Groundbreaking scholar who shaped theological and ethical reflection on sexuality dies at 85
United Church of Christ scholar, teacher, lecturer, and activist the Rev. James B. Nelson passed away Oct. 15 in Tucson, Ariz., surrounded by friends and what his wife had described before her death as a “cloud of witnesses.” He was 85.
“While serving the UCC in the Southwest, I got to know James Nelson,” said the Rev. John C. Dorhauer, UCC general minister and president. “His groundbreaking work on human sexuality and ethics help set the stage for a United Church ready to become Open and Affirming. He knew that human sexuality had to do with more than just genital sex. He helped us understand that sexual expression and intimacy were gifts of the sacred. He was ahead of his time, and endured much abuse and vitriol from those whose sexual ethics were more Victorian. I came to deeply appreciate his courage in the struggle, and his friendship on the journey.”
Nelson, who was born May 28, 1930, in Windom, Minn., was an Eagle Scout and three-sport athlete in high school. In 1952, he graduated from Macalester College in St. Paul with a degree in political science. He co-chaired Religious Emphasis Week at Macalester with a fellow student from South Dakota, Wilys Claire Coulter, whom he married after he joined the Army. Following his stint in the service, the Nelsons moved to New Haven, Conn., and Jim completed his Bachelor of Divinity degree with a Master of Arts and a Ph.D. from Yale.
Nelson was ordained in the UCC, and served churches in Connecticut and South Dakota before returning to Minnesota to join the faculty of United Theological Seminary of the Twin Cities (UTS) in 1963, where he taught seminary students for 35 years.
“Jim Nelson was a stellar teacher, and a stellar scholar for the academy and the church,” said Sue Ebbers, director of the Spencer Library at United. “From 1963 until his retirement in 1995, Jim Nelson taught generations of United students, I among them, about Christian ethics, bio-medical ethics, and sexual theology and ethics. He was also a pivotal figure in challenging the larger church to review its theological assumptions about sexual minorities. He and his beloved wife, Wilys Claire, opened their hearts to many seminarians who needed safe space, I among them.”
In the summer of 1964, he and several other seminarians went to Mississippi to register Black Americans to vote, returning the next summer to continue that work. During the Vietnam War, the anti-war movement spurred the former Army Staff Sergeant into taking his family to protest rallies.
Beginning in the early 1970s, Nelson became a champion for the rights of LGBT persons. His special interests were the fields of sexuality and theology, medical ethics, and addiction and theology. He was an advocate for the right to die with dignity, and as a recovering alcoholic, he helped many people struggling with this disease and other issues.
Colleague and friend, the Rev. Wilson Yates, a former UTS Dean and President Emeritus, remembers Nelson as a trailblazer.
“He was a leader within the faculty who helped shape the curriculum and contribute to the rise of United Theological Seminary as a major Theological School in theological education. One of the most popular and highly respected teachers at the school his scholarship was both nationally and internationally recognized in the field of Christian Ethics. He wrote extensively in the field of medical ethics, body theology, the issue of addiction, and his pioneer work in sexual ethics helped shape theological and ethical reflection on sexuality that influenced both the church and secular thought.”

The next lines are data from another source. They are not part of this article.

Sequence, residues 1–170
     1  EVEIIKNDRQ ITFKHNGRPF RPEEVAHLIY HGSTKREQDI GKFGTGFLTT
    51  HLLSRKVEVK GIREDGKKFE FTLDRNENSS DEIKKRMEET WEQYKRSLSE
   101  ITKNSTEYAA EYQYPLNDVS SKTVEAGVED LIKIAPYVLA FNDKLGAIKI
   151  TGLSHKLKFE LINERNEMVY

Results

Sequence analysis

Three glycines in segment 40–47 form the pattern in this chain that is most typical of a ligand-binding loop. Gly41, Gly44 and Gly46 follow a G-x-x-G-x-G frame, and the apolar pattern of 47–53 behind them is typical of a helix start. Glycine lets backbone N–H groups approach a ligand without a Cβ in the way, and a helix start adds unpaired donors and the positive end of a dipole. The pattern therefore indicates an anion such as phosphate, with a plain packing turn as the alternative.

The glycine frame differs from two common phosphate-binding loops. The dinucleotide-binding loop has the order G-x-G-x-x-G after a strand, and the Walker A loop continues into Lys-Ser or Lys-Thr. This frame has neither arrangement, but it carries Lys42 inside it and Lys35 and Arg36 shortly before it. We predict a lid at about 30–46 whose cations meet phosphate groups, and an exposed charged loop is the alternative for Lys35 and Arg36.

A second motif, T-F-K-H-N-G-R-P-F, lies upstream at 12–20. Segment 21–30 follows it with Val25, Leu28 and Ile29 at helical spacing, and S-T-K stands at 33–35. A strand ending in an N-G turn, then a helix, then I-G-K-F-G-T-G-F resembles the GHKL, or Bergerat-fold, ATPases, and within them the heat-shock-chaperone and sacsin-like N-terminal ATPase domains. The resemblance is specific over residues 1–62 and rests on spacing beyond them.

Nelson was an accomplished author, writing 12 books, and had a final book in progress at the time of his death. He was a Visiting Scholar at Oxford and Cambridge Universities and had lectured in Canada, French Martinique, Germany, Israel, Japan, The Netherlands, the Republic of the Philippines, and Sweden.
James Nelson is survived by his son, Stephen Nelson, and Stephen’s wife Denise Nelson of Maine; his grandchildren, Kristin and Bryan Nelson, also of Maine; his daughter, Mary Nelson, and her partner Jeffery Chinn of California; sister-in-law Dorothea Nelson of New York; brother-in-law and sister-in-law George and Beverly Coulter of Wisconsin; brother-in-law Richard Coulter and his wife, Mae Benjamin, of Minnesota; along with cousins, nieces, and nephews. Jim is predeceased by his beloved wife of 56 years, Wilys Claire Nelson.
Always the teacher, even in death, Nelson donated his body to the University of Arizona College of Medicine for anatomical and scientific purposes. At a later point, he will be cremated and his ashes interred in the columbarium of the First Congregational Church of Minnesota beside the ashes of his late wife.
“He will be mourned by hundreds of students and faculty, by theological education, and the field of Christian Ethics, and by United Church of Christ and the church more broadly,” said Yates.
Memorial services will be held at Southside Presbyterian Church in Tucson, Ariz., on Tuesday, October 20, and at the First Congregational Church of Minnesota in Minneapolis on Saturday, Nov. 7.
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